Important: Do not touch your eyes after handling the hot peppers, until your hands have been thoroughly washed and rinsed.

Also note that if you use peppers that have turned red, the sauce should be a red sauce. Using the green version of the peppers should result in sauce that is green. The flavor and heat shouldn’t be affected either way. Using more jalapenos and fewer dragons will result in a milder version. Also, removing the seeds prior to dicing and cooking the peppers should significantly lower the heat.

This is an exceptional hot sauce and it will keep many months in the fridge. Even if you don’t like hot foods, this is worth making for special guests who do. In fact, this sauce also makes wonderful gifts for people who love using hot sauce but who have to settle for using store bought, which is largely flavorless.

A few drops of this in my chili makes an outstanding dish. It also goes well on ground beef tacos, burritos, seafood or just about anything else that you want to add a little zing to.


    1. Rex Trulove Post author

      There are hotter peppers that could be used, too. I just like the flavor combination of dragon cayenne peppers and jalapeno peppers. For that matter, I love jalapeno peppers most ways.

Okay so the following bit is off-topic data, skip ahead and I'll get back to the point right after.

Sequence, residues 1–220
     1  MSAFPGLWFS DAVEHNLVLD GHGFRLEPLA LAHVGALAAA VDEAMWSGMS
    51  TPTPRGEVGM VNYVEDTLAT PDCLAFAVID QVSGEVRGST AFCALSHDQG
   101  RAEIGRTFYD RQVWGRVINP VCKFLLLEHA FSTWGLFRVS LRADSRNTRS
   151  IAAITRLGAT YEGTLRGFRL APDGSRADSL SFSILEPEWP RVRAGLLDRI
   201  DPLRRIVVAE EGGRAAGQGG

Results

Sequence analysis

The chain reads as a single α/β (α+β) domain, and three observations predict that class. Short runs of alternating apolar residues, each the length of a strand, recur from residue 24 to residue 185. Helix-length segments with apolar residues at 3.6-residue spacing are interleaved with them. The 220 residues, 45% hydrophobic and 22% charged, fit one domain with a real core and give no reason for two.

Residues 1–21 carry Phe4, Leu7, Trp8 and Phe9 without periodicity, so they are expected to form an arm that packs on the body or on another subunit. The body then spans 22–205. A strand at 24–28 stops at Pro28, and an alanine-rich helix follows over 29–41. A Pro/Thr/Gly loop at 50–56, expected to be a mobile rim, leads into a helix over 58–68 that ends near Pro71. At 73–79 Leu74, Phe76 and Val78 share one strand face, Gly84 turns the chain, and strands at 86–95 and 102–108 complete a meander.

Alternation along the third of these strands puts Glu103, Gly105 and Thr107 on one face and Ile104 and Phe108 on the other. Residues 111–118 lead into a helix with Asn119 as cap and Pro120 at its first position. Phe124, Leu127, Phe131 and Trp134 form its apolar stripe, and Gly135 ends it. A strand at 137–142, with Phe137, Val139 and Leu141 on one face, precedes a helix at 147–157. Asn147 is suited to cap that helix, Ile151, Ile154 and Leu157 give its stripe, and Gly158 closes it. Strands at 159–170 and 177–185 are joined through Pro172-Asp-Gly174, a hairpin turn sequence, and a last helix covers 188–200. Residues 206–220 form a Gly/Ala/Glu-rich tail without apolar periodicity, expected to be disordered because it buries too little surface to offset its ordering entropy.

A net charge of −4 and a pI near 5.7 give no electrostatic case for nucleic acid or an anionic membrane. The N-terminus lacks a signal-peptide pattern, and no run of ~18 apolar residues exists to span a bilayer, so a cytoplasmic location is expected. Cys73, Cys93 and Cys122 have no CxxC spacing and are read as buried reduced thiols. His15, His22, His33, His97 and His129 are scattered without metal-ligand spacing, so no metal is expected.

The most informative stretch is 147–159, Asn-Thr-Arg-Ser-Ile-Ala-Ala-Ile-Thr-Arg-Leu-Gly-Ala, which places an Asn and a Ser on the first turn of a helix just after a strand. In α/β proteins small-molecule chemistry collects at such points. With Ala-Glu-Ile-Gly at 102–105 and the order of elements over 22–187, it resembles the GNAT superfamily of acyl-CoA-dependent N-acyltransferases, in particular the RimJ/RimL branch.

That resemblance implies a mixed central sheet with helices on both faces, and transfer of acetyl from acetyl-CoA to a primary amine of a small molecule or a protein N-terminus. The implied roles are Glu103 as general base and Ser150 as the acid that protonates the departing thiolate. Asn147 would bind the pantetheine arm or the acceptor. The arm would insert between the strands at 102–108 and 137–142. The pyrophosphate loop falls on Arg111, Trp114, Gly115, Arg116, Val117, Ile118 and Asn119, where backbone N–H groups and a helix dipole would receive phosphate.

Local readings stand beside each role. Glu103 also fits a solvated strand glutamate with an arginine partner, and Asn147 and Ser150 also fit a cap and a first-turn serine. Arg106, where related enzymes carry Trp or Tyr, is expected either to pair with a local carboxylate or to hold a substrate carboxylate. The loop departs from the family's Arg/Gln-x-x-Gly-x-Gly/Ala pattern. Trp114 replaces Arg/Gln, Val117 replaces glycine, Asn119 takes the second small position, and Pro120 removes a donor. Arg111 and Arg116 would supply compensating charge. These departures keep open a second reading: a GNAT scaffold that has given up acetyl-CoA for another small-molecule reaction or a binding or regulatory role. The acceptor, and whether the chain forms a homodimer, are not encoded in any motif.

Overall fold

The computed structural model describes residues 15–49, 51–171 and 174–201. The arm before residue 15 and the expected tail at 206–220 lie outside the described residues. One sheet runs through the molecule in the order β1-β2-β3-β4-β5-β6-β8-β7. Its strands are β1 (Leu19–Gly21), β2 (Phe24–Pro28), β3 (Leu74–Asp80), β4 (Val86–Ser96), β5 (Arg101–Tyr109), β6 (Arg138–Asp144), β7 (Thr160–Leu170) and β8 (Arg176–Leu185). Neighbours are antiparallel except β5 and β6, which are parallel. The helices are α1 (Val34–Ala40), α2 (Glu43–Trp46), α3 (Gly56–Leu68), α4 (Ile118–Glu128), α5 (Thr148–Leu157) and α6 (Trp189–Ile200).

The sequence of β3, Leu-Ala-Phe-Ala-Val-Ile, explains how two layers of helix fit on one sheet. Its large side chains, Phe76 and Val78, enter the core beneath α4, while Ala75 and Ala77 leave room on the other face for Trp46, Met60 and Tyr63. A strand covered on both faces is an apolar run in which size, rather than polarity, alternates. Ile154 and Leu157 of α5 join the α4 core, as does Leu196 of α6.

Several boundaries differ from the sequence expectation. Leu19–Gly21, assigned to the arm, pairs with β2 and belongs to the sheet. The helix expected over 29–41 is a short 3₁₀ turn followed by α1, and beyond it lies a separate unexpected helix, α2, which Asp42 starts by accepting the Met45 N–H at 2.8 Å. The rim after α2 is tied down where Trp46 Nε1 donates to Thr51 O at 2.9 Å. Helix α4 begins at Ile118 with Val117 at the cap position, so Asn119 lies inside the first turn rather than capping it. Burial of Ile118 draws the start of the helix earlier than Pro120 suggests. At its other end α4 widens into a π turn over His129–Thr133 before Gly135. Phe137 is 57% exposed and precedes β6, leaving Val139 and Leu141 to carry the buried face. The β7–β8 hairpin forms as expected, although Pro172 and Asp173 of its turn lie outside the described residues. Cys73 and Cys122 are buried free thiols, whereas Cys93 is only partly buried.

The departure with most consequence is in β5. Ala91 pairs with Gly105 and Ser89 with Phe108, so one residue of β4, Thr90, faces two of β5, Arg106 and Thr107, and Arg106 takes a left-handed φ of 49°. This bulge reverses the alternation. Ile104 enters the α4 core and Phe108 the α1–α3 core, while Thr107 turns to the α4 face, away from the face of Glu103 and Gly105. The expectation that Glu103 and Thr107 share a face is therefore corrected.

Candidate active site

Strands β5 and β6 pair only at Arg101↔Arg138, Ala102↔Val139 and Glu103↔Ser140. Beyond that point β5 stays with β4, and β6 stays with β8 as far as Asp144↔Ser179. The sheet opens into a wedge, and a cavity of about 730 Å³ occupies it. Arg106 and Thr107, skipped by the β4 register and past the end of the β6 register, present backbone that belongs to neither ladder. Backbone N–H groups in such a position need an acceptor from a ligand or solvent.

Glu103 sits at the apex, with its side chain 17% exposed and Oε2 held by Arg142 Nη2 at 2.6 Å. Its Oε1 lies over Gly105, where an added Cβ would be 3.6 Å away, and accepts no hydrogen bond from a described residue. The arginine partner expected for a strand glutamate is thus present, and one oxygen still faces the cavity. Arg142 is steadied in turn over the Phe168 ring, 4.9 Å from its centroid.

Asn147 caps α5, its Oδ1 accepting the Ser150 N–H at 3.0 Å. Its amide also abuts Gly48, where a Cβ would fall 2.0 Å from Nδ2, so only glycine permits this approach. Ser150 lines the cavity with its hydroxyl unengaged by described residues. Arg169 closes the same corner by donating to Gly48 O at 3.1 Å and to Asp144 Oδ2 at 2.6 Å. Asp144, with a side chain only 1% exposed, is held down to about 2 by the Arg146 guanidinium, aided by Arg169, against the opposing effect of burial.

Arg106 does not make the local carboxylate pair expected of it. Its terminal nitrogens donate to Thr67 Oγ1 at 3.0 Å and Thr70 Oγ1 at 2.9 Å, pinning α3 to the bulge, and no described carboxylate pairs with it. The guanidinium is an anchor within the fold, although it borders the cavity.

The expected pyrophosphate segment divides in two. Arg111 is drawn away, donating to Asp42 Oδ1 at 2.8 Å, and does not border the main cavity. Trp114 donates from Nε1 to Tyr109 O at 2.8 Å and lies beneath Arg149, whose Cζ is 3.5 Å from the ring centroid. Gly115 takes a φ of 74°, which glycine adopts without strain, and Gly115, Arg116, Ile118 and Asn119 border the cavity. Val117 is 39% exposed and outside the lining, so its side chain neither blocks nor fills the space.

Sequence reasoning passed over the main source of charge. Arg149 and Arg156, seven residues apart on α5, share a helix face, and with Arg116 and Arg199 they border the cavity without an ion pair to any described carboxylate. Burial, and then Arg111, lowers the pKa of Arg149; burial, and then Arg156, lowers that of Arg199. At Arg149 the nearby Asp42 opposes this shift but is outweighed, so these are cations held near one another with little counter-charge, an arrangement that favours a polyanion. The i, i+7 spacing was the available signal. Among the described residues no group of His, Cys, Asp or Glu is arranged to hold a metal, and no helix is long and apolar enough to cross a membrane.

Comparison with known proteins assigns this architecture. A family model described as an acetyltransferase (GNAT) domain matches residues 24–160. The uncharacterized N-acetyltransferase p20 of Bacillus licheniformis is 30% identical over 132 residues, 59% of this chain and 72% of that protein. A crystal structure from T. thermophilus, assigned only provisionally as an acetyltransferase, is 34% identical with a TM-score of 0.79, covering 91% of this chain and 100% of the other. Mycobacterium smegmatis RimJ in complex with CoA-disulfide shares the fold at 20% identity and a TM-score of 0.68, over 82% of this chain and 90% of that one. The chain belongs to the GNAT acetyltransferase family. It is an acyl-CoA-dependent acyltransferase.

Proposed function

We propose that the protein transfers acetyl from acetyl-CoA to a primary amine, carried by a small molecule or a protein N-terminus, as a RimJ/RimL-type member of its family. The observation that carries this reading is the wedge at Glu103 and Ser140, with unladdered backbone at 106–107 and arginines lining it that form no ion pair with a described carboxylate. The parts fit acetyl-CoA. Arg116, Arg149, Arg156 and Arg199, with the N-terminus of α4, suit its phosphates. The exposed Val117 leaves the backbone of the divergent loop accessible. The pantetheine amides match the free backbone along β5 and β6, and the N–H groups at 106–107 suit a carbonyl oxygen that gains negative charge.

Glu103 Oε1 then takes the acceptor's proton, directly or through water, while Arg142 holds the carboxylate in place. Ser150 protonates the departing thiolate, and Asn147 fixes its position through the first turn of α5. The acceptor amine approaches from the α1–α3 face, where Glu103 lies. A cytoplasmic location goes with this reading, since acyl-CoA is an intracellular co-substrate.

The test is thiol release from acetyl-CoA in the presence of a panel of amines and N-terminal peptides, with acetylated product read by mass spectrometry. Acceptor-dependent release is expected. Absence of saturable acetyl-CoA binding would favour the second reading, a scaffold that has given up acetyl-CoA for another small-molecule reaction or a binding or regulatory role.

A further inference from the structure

1. Rex Trulove Post author

      If she likes hot, she’d probably prefer it with habanero peppers. Not only are they easier to get at the store, they tend to be hotter than dragon cayenne’s. The flavor isn’t the same, but it is similar.

    1. Rex Trulove Post author

      I can barely wait to make up a big batch (relatively speaking, since I’m the only one in the household who will use it). Our dragon cayenne is doing quite well and it is the only pepper we have that hasn’t been nibbled on by the deer so far. I’m hoping that it stays that way and that it is testimony to the heat of the peppers.

  1. Gil Camporazo

    Cayenne peppers or we call it as hot chili pepper has a variety of nutrients to give to the body. However, my family doctor advised me not take a food with hot pepper. I don’t know why. Well, just a little intake of that, it will suffice of the nutrients I need in my body.

    1. Rex Trulove Post author

      My dragon cayenne’s are doing really well, but the deer ate most of our hot chili’s. They are trying to recover, but so far don’t have any peppers on them.

      There could be several reasons the doctor told you that. For years, the doctor told my mother that she was not to eat hot peppers of any kind, nor dried beans, because of a history of bleeding ulcers. The doctor was ‘old school’ and didn’t realize that hot peppers can actually help with ulcers by causing the stomach to produce more mucus to protect it. The thing about the dried beans was valid, though. They contain a protein that we can’t digest and that is what is responsible for causing gas, which would aggravate ulcers.

    1. Rex Trulove Post author

      LOL…well, please be sure to let me know how she likes it if she ever makes any.

Your email address will not be published. Required fields are marked *